Inverted Row - Instructions, Variations & Alternatives
Also known as
- Bodyweight Row
- Body Row
- Supine Row
- Supine Pull Up (not to be confused with supinated grip pull-up or chin up)
- Australian Pull Up
- Australian Row
- Aussie Pull Up
- Fat Man Pull Up
- Reverse Row (less common)
The Inverted Row is a bodyweight exercise that can be performed using a horizontal bar or suspension trainer (like TRX straps). It’s an excellent choice for people looking to develop their pulling strength without the need for heavy weights or gym equipment.
When performing the Inverted Row, you’ll primarily target the back and shoulder muscles. However, it also helps to improve your overall arms and grip strength, as the biceps and forearms also play an important role in pulling the body towards the bar. The glutes and hamstrings are also isometrically engage throughout the entire movement.
How to perform
Inverted Row - Relaxation (start/end position)
Inverted Row - Contraction (muscle under tension)
Set up & starting position
Set up a horizontal bar or suspension trainer at about waist height. If you’re using a bar, you can use a Smith machine, a squat rack, or even a sturdy table or similar object.
Get under fixed horizontal bar, grip it and lower yourself until your arms are fully extended while keeping your body suspended off the floor. Make sure your body is in a straight line, engage your glutes and core muscles.
Pull yourself up, getting the bar as close as possible to your chest - doesn’t need to touch the bar.
Pause for a moment and make sure the shoulder blades are retracted. In this top position, the bar should be at mid-chest.
Slowly lower your body back down to the starting position with controlled motion and repeat.
Common Mistakes & Tips
You can use a wide or narrow overhand or underhand grip. However, it’s best to start with a grip that is slightly wider than shoulder-width.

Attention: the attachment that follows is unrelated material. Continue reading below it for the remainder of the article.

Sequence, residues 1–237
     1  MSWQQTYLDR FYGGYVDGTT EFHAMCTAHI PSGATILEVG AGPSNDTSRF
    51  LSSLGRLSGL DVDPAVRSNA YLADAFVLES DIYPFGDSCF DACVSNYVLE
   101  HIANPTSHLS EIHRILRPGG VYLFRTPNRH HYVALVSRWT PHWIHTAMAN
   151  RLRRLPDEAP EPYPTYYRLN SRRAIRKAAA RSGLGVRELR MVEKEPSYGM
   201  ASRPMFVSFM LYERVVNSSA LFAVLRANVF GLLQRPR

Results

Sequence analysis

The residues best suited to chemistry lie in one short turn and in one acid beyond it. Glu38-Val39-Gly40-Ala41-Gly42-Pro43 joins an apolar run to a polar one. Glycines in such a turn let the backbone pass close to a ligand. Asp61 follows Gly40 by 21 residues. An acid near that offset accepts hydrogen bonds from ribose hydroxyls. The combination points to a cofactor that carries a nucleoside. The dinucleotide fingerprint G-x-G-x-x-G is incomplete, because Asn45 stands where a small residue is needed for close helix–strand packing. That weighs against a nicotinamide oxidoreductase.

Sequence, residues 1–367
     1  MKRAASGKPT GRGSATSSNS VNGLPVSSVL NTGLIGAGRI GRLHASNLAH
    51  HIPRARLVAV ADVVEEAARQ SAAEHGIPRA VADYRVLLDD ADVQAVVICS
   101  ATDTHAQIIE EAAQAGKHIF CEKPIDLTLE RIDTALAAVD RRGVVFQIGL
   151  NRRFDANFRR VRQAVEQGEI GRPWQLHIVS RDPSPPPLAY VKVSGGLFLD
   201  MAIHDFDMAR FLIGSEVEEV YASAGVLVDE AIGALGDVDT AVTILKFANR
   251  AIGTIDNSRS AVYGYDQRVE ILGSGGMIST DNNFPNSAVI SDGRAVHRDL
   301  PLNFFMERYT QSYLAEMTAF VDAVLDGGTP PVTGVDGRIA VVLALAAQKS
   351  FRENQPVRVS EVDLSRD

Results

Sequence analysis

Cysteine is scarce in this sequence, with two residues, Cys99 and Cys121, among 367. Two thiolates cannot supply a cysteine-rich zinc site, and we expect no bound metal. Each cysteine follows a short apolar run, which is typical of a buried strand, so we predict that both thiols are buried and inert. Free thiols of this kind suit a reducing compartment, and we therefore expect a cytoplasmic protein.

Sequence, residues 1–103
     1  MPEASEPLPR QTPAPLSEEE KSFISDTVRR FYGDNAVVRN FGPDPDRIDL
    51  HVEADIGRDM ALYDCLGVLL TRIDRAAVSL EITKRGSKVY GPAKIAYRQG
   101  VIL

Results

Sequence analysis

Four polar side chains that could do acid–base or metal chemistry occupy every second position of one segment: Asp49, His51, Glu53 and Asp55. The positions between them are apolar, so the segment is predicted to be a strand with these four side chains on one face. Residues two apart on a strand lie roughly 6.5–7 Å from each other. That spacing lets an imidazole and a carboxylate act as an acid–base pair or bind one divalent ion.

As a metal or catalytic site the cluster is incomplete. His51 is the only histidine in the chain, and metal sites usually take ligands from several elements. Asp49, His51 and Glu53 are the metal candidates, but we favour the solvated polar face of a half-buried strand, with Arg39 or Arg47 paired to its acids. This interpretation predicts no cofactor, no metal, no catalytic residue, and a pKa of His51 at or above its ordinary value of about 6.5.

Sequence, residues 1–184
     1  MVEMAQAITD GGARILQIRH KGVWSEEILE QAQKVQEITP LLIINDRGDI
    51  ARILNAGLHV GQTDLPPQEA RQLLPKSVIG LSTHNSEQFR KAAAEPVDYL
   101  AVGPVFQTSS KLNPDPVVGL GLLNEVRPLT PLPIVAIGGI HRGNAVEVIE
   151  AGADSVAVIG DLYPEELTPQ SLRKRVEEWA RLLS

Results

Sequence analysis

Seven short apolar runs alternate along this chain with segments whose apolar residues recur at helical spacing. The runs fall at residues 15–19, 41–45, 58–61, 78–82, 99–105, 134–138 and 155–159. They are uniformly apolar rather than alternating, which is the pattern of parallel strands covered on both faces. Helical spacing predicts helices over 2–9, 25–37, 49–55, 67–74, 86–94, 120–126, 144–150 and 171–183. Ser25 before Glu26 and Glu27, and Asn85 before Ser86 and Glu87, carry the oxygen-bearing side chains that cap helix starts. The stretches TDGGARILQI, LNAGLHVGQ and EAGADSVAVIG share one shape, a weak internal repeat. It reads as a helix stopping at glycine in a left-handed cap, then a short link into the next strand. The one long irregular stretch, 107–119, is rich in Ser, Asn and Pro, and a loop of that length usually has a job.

Posture is key, so it’s important to avoid these common mistakes:
- Keep your body straight, forming a line from your torso to your feet and engaging your core and glutes.
- Avoid going too narrow or too wide, this can lead to increased wrist and elbow stress as your forearms come out of proper alignment.
- The movement should be slow and controlled.
Inverted Row or Bodyweight Row has many variations, resulting from changes in the hand grip and spacing, as well as the leg and body position:
- Hand grip options - supinated, pronated, neutral or mixed
Pronated or Overhand Grip - Thumbs in
Hammer or Parallel Grip - Palms facing, forearms in neutral position
Supinated or Underhand Grip - Thumbs out
- Hand-spacing width - wide grip, close (narrow) grip or standard grip (i.e. shoulder width)
Narrow or Close Grip
- Legs placement - bent or extended
- Body inclination - from slightly leaning back with the high bar to a position close to the horizontal, or even inverted with the feet raised.
How to progress
You can adjust the difficulty of the Inverted Row by changing the angle of your body. The more horizontal your body is to the ground, the more challenging the exercise becomes.
- High Inverted Row - If you’re just starting, you can make it easier by raising the bar or handles higher or using a higher incline (the more upright you are, the easier it will be). As you get stronger, you’ll be able to drop the bar until you’re parallel when pulling yourself up.
- Legs-Bent Inverted Row - Bend your knee at 90 degree and place your feet flat on the floor to limit the percentage of your own bodyweight that you’re lifting. This is also, generally, a more stable position.
- Feet-Elevated Inverted Row - Once you’re comfortable with the standard movement, progress by elevating your legs on a box or flat bench to add extra range of motion.
- Weighted Inverted Row - If you really want to up the difficulty of your inverted rows, try doing it with a little bit of weight attached to you.
Consider using suspension straps or rings, as this requires extra effort for stability, or elevate your feet on a med-ball to increase the difficulty.